By Khaled Yacoub Oweis
DAMASCUS (Reuters) - Unrest spread in southern Syria on Monday with hundreds of people demonstrating against the government in the town of Jassem, activists said, but authorities did not use force to quell the latest protest.
Security forces killed four civilians in demonstrations that erupted last week in the town of Deraa, in the most serious challenge to President Bashar al-Assad's rule since the 45-year-old succeeded his father 11 years ago.
"This is peaceful, peaceful. God, Syria, freedom," chanted the protesters in Jassem, an agricultural town 30 km (20 miles) west of Deraa.
The authorities appeared to adopt less heavy-handed tactics, choosing not to intervene against protests demanding freedom and an end to corruption and repression, but not the overthrow of Assad. The ruling Baath Party has banned opposition and enforced emergency laws since 1963.
In Deraa, hundreds of black-uniformed security forces wielding AK-47 assault rifles lined the streets but did not confront thousands of mourners who marched at the funeral of 23-year-old Raed al-Kerad, a protester killed in Deraa.
"God, Syria, freedom. The people want the overthrow of corruption," they chanted.
The slogan is a play on the words "the people want the overthrow of the regime," the rallying cry of revolutions that overthrew the veteran rulers of Tunisia and Egypt and have spread across the Arab world.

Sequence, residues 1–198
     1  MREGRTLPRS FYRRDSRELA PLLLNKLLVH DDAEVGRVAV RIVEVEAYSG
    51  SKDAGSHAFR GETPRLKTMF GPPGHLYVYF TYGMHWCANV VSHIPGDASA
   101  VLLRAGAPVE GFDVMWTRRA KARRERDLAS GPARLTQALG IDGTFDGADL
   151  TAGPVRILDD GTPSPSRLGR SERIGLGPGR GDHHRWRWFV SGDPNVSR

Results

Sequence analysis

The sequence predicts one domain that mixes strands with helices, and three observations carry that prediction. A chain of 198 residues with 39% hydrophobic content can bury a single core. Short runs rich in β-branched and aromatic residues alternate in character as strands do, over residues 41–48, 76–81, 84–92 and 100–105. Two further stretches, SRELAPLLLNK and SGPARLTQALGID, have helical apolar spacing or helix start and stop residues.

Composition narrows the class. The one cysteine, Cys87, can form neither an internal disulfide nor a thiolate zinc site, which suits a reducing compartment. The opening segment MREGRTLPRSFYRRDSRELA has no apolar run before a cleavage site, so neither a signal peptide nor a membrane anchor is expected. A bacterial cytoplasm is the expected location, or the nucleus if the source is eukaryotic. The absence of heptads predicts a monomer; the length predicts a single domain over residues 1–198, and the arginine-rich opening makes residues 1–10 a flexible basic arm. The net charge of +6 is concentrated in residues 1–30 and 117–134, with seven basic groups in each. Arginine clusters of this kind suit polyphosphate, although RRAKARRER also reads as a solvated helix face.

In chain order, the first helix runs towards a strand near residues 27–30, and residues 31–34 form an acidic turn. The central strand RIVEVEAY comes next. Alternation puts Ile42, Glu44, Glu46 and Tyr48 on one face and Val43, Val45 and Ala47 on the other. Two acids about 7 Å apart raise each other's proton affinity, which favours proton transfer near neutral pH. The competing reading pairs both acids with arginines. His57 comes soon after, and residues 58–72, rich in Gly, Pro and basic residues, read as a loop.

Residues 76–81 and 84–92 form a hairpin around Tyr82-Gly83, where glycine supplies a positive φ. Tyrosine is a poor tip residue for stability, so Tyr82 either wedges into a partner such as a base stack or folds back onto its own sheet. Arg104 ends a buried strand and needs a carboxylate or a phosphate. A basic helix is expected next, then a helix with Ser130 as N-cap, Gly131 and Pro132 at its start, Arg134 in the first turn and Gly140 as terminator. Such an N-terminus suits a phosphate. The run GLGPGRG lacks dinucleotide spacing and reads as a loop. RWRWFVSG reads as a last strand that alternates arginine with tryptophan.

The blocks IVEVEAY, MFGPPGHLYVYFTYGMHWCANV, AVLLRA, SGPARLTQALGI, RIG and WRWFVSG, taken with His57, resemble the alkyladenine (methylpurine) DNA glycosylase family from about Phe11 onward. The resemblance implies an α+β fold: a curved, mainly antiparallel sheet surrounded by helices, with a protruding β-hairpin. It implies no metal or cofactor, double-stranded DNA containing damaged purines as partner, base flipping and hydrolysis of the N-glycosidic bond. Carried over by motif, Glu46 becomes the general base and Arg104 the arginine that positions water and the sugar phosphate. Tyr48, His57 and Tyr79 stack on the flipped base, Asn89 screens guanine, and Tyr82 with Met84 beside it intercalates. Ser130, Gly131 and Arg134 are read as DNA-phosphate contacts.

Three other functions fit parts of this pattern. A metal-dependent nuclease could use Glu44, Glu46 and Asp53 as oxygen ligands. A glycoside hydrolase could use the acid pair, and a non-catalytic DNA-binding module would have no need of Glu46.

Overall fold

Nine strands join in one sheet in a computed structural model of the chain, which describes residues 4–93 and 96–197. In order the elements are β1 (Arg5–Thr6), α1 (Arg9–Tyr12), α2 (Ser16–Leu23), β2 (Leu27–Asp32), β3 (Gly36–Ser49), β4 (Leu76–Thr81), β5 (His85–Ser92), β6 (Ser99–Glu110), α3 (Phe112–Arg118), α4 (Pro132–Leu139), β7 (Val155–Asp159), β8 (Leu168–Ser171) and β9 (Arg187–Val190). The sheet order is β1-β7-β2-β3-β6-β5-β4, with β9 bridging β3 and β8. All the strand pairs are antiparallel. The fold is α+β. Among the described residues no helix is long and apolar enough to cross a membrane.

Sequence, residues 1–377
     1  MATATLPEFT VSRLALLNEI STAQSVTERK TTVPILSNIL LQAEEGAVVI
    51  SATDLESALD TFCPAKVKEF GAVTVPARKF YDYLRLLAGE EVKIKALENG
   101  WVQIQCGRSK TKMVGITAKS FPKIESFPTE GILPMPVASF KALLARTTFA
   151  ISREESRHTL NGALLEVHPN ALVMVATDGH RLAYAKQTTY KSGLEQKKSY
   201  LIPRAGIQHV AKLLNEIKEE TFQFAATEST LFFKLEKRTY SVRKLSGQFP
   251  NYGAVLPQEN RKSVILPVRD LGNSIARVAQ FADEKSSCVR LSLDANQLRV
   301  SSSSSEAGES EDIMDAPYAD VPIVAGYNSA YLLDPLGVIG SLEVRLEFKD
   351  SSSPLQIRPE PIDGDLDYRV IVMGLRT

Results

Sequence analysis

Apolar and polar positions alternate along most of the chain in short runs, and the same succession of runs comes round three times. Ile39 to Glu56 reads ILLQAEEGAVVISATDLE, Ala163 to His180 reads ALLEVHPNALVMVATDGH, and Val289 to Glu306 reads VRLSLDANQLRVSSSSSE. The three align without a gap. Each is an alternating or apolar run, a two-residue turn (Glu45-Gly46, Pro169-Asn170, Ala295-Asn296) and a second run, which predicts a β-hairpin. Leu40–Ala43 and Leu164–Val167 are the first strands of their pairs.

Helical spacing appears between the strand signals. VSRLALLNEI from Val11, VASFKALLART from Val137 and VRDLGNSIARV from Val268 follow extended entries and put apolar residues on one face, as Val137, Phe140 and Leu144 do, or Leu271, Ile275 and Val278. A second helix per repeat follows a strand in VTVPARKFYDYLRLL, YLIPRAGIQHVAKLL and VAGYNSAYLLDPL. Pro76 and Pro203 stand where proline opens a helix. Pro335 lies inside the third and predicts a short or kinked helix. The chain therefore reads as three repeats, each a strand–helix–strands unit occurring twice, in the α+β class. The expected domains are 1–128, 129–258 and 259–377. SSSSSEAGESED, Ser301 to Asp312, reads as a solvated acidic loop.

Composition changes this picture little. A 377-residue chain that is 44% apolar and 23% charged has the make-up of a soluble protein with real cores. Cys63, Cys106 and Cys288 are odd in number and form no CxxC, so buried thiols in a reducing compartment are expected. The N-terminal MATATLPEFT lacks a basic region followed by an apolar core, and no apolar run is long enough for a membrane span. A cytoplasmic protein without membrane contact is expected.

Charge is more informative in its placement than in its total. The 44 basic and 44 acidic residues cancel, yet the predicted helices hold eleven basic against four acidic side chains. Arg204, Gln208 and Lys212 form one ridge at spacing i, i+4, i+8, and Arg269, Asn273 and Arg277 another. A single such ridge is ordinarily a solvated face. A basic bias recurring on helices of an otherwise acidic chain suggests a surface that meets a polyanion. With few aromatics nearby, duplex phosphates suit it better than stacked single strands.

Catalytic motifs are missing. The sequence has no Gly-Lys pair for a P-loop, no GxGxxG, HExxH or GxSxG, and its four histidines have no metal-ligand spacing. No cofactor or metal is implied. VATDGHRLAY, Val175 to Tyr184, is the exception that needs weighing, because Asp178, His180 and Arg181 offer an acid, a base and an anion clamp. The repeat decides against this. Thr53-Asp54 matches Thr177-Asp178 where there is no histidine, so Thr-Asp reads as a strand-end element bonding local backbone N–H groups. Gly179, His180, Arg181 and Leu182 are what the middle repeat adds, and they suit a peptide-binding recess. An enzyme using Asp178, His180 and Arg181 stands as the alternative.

The mourners later gathered at al-Omari mosque in the old quarter of Deraa. Troops set up checkpoints at the entrances of Deraa and were checking identity cards. Syrian Justice Minister Mohamad Ahmad Younis went to the city hall in an effort to calm emotions and open a dialogue with protesters.
Security forces opened fire last Friday on civilians taking part in a peaceful protest in Deraa to demand the release of 15 schoolchildren detained for writing protest graffiti, political freedoms and an end to corruption.
Authorities released the children on Monday in a sign they were hoping to defuse tension in the border town, which witnessed more protests after Friday's crackdown.
Local notables have also demanded the release of political prisoners, the dismantling of secret police headquarters in Deraa, the dismissal of the governor, a public trial for those responsible for the killings and the scrapping of regulations requiring secret police permission to sell and buy property.
Deraa's secret police is headed by a cousin of Assad, who has emerged in the last four years from isolation by the West over Syria's role in Lebanon and Iraq and backing for mostly Palestinian militant groups.
Assad has strengthened Syria's ties with Shi'ite Iran as he sought to improve relations with the United States and strike a peace deal with Israel to regain the occupied Golan Heights, lost in the 1967 Middle East war.
But he left the authoritarian system he inherited intact.
His father sent troops to the city of Hama in 1982 to crush the armed wing of the Muslim Brotherhood, killing thousands in the conservative religious city.
France, which has been a strong proponent of rehabilitating Syria's ruling elite in the West, urged Damascus "to respond to the Syrian people aspirations with reforms.
"France calls on Syria to respect its international commitments on human rights, especially regarding freedom of opinion and speech," the French Foreign Ministry said.
(Additional reporting by Suleiman al-Khalidi and Leigh Thomas in Paris; editing by Paul Taylor)